cannot boot with linux-libre>=5.7, amdgpu and cryptsetup

Denis 'GNUtoo' Carikli GNUtoo at
Sat Jul 18 18:28:28 UTC 2020

On Sat, 18 Jul 2020 16:44:13 +0000
edgar at wrote:

> On 2020-07-17 19:28, Denis 'GNUtoo' Carikli wrote:
> > Hi,
> > 
> > Thanks a lot for posting the log.
> Thank you for guiding me :) .
> I'll be working on this, but as that progresses, I have a question:
> #+begin_QUOTE
> So even if this firmware looks trivial to replace, all the fields seem
> related to the 3D acceleration, so at first we can just try patching
> the code not to report an error if the loading fails.
> #+end_QUOTE
> What if I run (raw) Linux? Would there be a way to retrieve those
> values of =gpu_info_firmware_v1_0=? (with a debugger, may be?).
The issue is not reconstructing that firmware as free software, it's
probably trivial to use the printed value and/or the struct and/or even
the binary to re-program it in another source form which produces the
same binary. The more challenging part is to find a lawyer to make sure
that the result is legal.

The issue is that Linux uses the word firmware for a wide range of
things. By firmware they typically intend any data that you load from
userspace to a device. So that can range from only data to hardware
configuration or executable code. And here that data being loaded is
most probably not even loaded to the device but just used by Linux to
understand which GPU families have which features.

The Radeon GPUs have many processors, for instance there is a command
processor (named CP), there are probably some computation processor,
there are some video decoding offload processors, and so on.

I assume that the newer GPU supported by the amdgpu drivers have a
similar architecture.

So to get 3D acceleration you would probably need to start by
understanding which firmware does what, and find hardware that need as
few work as possible, and replace only the firmware that enable 3D

I'm unsure of what these firmware do, but we probably need to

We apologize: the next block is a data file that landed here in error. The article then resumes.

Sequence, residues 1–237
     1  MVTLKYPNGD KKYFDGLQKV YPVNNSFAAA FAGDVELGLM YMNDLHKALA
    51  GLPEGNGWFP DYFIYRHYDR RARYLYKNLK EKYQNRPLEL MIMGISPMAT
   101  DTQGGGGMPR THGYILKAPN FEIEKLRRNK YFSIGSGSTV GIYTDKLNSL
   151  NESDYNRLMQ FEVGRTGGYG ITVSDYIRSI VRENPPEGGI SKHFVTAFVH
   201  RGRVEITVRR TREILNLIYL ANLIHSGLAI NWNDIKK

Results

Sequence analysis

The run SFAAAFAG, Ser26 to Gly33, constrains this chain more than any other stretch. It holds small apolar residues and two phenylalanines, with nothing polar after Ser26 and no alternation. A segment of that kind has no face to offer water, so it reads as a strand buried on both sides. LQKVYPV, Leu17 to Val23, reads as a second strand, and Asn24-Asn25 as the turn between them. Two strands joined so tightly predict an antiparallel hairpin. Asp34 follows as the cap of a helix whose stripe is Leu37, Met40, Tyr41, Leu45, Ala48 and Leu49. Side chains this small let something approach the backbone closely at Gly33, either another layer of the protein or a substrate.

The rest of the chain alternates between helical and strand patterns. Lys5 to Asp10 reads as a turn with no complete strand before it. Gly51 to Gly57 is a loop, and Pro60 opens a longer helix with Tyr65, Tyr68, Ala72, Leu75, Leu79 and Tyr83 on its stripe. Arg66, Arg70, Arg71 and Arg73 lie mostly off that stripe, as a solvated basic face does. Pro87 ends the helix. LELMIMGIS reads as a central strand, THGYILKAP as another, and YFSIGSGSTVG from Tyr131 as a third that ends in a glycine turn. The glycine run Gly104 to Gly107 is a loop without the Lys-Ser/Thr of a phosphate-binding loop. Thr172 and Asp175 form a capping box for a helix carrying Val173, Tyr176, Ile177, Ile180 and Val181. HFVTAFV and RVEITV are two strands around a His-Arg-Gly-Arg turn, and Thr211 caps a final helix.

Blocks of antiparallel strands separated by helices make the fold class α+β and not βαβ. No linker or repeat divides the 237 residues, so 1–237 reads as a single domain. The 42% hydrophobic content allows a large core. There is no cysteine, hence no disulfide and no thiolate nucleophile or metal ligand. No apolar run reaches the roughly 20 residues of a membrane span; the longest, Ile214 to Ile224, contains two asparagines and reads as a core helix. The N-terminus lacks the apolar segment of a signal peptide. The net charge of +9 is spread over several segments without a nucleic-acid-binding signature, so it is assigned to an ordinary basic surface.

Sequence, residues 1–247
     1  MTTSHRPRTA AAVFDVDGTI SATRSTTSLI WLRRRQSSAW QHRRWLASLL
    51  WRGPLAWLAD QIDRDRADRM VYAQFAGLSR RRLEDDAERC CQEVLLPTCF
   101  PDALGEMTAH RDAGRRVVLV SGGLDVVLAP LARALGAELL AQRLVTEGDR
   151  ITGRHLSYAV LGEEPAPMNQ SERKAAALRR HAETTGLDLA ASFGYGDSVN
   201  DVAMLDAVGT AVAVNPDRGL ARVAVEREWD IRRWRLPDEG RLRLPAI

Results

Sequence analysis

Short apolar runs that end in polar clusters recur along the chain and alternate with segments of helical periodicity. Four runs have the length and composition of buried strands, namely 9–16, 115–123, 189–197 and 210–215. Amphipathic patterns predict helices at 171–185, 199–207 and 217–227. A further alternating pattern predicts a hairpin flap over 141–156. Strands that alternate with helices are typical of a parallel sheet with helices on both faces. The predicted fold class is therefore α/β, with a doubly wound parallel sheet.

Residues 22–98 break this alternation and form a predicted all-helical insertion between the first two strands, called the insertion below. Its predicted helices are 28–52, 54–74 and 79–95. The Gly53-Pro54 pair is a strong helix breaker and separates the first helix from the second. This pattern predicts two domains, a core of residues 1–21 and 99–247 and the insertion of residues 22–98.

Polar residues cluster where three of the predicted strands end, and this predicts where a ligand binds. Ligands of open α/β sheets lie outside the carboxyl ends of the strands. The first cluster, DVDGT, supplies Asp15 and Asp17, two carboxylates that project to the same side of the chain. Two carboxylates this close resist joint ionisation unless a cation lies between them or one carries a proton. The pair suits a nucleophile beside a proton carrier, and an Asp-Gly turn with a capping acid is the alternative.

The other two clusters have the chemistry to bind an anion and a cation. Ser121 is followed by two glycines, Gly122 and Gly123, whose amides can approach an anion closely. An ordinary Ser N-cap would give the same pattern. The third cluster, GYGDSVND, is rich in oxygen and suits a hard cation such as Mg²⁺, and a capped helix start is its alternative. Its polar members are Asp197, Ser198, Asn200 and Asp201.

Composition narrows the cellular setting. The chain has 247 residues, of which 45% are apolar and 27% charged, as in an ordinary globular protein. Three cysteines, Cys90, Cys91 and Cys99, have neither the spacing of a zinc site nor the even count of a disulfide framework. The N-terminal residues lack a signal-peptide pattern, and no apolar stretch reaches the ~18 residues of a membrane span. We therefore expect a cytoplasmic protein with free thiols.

understand or reverse engineer the cores ISA and find out what the
firmware is doing and re-implement it as free software. There is enough
documentation out there to write free drivers, and reading that
documentation (and asking questions to radeon/amdgpu developers) would
be a good way to start. And if we're lucky we might have way less
reverse engineering to do if the cores ISA and what the firmwares are
supposed to implement is documented.

Another route would be to try to understand if the firmwares are really
needed, especially on older hardware, by doing the same approach that
we are doing now: trying to find the places in the driver code that
prevent it from fully working.

If serious reverse engineering is needed, it would probably be a good
idea to at least be familiar with C and be able to learn new assembly
languages fast, and also learn about the usual techniques that can be
used to do such reverse engineering.

If it is possible to reverse engineer nonfree CPU microcode for AMD K8
and K10 CPU families, it's probably possible to do it for some classes
of GPUs as well at least for 3D acceleration. And the way the microcode
reverse engineering was done is very well documented in the
corresponding academic paper, so it might be a good idea to look at it

As there is no free firmware for AMD GPUs, people that are interesting
in such project might also want to try to see if some firmwares are
signed and which ones are not signed.

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